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Global Education Conference: Day 4 Session Recommendations #globaled12

15 Nov

Hi all —

Here are a few sessions to check out today in the Global Education Conference!

(All times given in Eastern Time, U.S. Use the full schedule linked below to confirm times in your area!)

4:00 PM — Session: World Language Meets Glocal PBL: Local Solutions for Global Refugees
Jennifer D. Klein, Global Education Consultant
Kelsey Vroomunn, ISTE Emerging Leader
Description: Glocal learning approaches allow students to address the global challenges of displacement and refugee life on a local level.
Link to Session:

6:00 PM — Keynote: The Network is Us
Larry Johnson, CEO of NMC
Description: Social change is as timely as it is timeless… 
Link to Session:

9:00 PM — Keynote: The Rise of Makers: Rethinking Innovation and Education
Dale Dougherty
Description: The maker movement “invites participation of amateurs of all ages and takes advantage of new technologies for personal fabrication and physical/digital interaction.” This session digs deep into the “national effort to find opportunities to integrate making as a way of transforming education, providing hands-on experiences and open-ended projects that engage students.”
Link to Session:

10:00 PM — Session: Motivational and Self-regulated Learning Factors of Informal and Extreme Learning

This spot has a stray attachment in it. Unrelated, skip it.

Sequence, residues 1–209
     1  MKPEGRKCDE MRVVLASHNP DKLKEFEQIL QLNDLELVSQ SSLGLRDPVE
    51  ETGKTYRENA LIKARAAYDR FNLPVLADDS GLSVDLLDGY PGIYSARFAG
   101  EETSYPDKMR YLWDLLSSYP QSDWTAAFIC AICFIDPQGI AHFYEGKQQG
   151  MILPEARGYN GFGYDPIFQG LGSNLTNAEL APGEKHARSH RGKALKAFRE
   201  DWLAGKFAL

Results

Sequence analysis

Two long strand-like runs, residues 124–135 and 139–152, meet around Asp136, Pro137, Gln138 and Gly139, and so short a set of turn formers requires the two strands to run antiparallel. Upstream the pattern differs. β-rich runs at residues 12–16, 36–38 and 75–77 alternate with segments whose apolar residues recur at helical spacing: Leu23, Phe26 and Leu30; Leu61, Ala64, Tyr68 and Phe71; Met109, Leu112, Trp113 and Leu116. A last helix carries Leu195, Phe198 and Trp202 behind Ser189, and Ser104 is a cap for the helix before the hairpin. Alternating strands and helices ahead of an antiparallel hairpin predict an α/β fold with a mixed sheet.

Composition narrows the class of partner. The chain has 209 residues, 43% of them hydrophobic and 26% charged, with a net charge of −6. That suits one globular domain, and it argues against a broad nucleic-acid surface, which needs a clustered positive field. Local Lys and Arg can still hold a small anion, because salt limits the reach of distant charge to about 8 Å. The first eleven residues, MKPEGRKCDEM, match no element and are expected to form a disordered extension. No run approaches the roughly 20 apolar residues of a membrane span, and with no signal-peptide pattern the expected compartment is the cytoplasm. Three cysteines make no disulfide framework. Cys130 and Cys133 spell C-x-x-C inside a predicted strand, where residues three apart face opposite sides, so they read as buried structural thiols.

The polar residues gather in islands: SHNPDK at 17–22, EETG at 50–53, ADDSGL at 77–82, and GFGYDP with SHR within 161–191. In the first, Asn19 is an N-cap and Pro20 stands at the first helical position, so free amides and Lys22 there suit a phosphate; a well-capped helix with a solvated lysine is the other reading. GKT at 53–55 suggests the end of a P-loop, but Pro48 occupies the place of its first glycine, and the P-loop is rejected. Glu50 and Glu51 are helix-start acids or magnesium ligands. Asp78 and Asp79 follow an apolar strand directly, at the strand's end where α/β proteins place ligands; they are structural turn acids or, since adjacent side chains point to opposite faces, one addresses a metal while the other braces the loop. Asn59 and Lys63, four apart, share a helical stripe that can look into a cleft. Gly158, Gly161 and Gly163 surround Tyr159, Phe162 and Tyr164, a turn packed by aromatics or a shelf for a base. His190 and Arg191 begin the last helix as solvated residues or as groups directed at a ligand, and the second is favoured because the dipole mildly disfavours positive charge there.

Donggil Song, Curtis J. Bonk & Justin Whiting; Indiana University
Description: The present study aims at investigating motivational and self-regulated learning factors of informal and extreme learning when using educational Web resources as well as the supports, uses, and challenges and obstacles.
Link to Session:

Once again, the full GlobalEdCon schedule can be found  here.  And remember, you can follow #GlobalEd12 or me (@EngagingEdu) on Twitter for ongoing updates, tips and highlights as well!

The Problem with Teaching to the Test

20 Mar

Instead of glowing in the light of a new day, each morning thousands of educators walk the halls of schools beneath burdensome shadows. For looming not too far off on the horizon are the towering silhouettes of imminent standardized tests. And whether intentionally or not, many educators cannot help but allow the presence of such looming silhouettes to drive their teaching methods.

Their motivations are usually good, for who would fault them for trying to prepare students for success on these standards-based, institutionally important assessments. So, they type up their lesson plans, replacing engaging hands-on activities with dull practice tests and repetitive lessons on testing strategies. And as these looming silhouettes approach, more and more educators spend more and more class time reluctantly teaching to the test.